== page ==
With teenagers driving Ford Mustangs and screeching tires being heard every few seconds, one might think there was trouble in the making. But it was the complete opposite. Teenagers were just trying to learn how to be safer drivers.
The Ford Driving Skills for Life program hosted nearly 400 teenagers and many of their parents on Wednesday and Thursday at Wild Horse Pass Motorsports Park. The goal of the program was to make teenagers who had a permit or a new license aware of all the dangers that come with driving.
“I think you can tell teens over and over again about safe driving habits,” said Heidi Swartzloff, a Ford representative. “But until those teens are behind the wheel and they experience eye-opening things, they won’t take what you say seriously.”
The program tries to go to many regions in all 50 states and travels back to certain areas. This is the fifth time in six years the program has been in the Phoenix area, and they plan to return here next year.
In Arizona in 2012, 75 teens died as a result of car crashes. Lead facilitator of the program and former Ahwatukee resident, Mike Speck, knows that it doesn’t have to be this way.
“Those are needless deaths,” Speck said. “Those are deaths where the people were so young and had so much potential.”
The program that started in 2003 is free to teens and features four stations that focus on giving obstacles to provide awareness. The stations are vehicle handling, hazard recognition, distracted driving, and impaired vision.
The vehicle handling station, probably the most popular because of the Ford Mustangs, focused on driving and spinning out around the cones.
Brittany Carrasco, 16, said the experience was a lot different than she expected.
“It was scary because I didn’t really trust myself, but it was pretty fun once I got the hang of it,” she said. “I just want to be able to react in all situations.”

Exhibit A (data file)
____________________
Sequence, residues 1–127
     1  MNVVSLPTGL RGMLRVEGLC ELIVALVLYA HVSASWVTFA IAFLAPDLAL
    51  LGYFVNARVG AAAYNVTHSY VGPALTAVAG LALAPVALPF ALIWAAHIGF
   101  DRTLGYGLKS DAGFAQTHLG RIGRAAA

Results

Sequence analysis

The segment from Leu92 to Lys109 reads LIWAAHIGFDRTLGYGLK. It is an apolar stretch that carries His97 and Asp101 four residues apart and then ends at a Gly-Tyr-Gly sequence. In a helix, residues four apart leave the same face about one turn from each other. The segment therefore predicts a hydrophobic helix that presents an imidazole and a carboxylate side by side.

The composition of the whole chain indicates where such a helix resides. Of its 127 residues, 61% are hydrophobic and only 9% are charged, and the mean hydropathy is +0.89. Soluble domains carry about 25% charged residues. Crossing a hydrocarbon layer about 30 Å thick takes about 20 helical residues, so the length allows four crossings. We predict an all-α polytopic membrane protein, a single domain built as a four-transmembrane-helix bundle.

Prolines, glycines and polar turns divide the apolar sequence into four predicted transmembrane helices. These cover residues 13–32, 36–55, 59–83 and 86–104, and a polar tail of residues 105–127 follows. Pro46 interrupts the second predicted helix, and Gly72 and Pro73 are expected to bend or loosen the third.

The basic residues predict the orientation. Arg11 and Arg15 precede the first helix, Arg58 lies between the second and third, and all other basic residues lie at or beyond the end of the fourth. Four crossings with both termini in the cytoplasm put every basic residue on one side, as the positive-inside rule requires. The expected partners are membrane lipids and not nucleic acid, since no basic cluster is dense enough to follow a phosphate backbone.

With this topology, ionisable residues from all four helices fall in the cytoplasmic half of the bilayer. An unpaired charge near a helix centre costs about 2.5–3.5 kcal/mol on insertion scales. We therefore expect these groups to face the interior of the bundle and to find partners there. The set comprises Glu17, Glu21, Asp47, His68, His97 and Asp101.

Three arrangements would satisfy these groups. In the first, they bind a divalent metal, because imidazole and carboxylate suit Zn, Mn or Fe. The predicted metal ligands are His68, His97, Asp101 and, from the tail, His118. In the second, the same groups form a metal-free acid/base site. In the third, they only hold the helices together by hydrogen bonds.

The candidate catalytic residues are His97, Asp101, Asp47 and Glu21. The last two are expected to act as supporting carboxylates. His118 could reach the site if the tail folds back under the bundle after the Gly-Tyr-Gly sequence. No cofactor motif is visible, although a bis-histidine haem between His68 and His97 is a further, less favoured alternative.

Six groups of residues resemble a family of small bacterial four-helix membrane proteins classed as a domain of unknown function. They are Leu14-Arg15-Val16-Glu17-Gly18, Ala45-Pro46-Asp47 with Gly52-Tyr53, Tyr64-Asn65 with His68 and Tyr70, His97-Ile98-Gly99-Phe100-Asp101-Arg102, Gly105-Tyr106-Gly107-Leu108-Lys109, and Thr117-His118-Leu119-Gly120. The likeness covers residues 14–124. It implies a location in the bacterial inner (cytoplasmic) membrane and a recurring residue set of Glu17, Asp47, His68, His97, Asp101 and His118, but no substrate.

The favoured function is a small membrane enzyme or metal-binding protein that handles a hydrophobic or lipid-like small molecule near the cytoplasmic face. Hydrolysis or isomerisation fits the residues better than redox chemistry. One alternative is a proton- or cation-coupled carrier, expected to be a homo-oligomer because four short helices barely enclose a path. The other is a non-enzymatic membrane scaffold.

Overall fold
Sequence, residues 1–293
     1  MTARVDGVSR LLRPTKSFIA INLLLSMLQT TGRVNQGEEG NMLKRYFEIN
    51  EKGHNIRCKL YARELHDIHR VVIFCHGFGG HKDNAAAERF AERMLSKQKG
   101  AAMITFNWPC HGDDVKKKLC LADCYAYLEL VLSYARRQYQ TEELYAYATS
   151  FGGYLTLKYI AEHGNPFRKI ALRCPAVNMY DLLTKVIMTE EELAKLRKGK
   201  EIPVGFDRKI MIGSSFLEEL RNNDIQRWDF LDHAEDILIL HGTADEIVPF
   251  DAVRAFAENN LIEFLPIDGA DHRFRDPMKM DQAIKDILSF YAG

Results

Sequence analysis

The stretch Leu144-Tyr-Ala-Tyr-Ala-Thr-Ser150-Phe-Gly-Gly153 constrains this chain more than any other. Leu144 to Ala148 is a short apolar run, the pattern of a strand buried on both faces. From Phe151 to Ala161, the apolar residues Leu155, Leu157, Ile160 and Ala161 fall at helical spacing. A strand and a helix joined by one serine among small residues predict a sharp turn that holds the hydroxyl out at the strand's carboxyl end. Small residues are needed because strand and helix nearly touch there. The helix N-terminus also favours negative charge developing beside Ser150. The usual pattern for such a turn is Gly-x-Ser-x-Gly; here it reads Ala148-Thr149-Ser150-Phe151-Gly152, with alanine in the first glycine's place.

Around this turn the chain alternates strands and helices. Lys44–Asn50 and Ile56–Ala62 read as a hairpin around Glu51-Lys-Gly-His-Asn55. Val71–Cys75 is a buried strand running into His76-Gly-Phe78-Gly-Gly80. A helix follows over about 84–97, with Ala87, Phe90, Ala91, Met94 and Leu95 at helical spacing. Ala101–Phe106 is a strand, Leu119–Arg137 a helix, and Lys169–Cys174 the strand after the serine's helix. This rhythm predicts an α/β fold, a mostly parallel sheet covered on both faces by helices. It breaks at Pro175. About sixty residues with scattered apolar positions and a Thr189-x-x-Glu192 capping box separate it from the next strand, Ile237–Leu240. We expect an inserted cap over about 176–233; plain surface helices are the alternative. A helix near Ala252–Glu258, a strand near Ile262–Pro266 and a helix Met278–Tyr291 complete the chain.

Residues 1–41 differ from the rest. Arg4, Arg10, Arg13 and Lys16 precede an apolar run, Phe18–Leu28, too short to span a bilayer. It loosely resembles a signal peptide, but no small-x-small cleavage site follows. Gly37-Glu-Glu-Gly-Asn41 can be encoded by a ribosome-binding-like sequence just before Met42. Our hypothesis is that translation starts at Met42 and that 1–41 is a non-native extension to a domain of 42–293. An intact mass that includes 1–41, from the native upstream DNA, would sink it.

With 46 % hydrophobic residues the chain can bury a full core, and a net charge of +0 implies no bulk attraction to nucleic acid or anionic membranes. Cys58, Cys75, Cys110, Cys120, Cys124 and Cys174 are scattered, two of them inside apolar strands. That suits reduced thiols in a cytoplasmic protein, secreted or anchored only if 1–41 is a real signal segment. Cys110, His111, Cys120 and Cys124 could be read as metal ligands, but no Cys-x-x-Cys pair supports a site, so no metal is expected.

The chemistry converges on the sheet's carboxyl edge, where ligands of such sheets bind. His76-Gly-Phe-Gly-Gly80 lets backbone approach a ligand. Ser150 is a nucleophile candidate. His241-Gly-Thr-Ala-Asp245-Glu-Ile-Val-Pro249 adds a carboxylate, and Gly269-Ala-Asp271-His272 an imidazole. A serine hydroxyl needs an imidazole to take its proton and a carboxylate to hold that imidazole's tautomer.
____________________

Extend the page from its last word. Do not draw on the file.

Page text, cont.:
The hazard recognition station featured the drivers going around the course once, and then going around again with different hazard scenarios set up.
“We’re teaching them how to change lanes quickly and hitting the brakes when it’s appropriate because there isn’t much preparation for hazards in the real world,” said Austin Robison, a Ford representative.
The impaired driving station had the drivers drive around once, but on the second time they had to wear goggles.
“The goggles that the drivers have to wear on the second go-around are goggles that simulate how it feels to drive drunk,” Robison said.
The distracted driving station might have been considered the most important station in the program, especially with the teenage target audience.
Speck said there were a million accidents caused by texting while driving in the U.S. this past year.
“What drivers decide to do in the car can affect the outcome and making the right decisions can affect all the other drivers around,” he said. “The first time around they have to go as quickly as they can around the cones. Then on the second time around, they have to go just as quickly around the cones while texting and adjusting the radio and such. It’s impossible. That’s what we are trying to teach.”
Jaydah Ivey, 16, said that it taught her that it’s not smart to text and drive.
“At this station they were trying to get me to text and drive at the same time but I didn’t even try, it was too hard,” Ivey said.
Randy Bleicher, a Ford representative, said that though having fun is important to the program, what the teens learn from it is the most important thing.
“One of the main things we want kids to get out of this is decision-making skills,” he said. “If you make the right decisions while driving, there is no longer a need to worry.”
• Jacob Withee is a sophomore at the Walter Cronkite School of Journalism and Mass Communication at Arizona State University.